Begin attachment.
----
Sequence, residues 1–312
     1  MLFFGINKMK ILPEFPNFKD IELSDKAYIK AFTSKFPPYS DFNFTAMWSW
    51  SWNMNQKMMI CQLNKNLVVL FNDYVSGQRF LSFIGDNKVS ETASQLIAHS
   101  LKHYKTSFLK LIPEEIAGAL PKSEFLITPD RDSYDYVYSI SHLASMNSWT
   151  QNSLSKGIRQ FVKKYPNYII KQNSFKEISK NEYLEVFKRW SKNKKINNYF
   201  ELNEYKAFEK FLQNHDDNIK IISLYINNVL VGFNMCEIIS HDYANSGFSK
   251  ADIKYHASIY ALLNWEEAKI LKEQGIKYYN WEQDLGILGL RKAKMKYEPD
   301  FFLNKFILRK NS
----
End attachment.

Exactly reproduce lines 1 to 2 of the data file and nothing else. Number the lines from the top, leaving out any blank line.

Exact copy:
Sequence, residues 1–312
     1  MLFFGINKMK ILPEFPNFKD IELSDKAYIK AFTSKFPPYS DFNFTAMWSW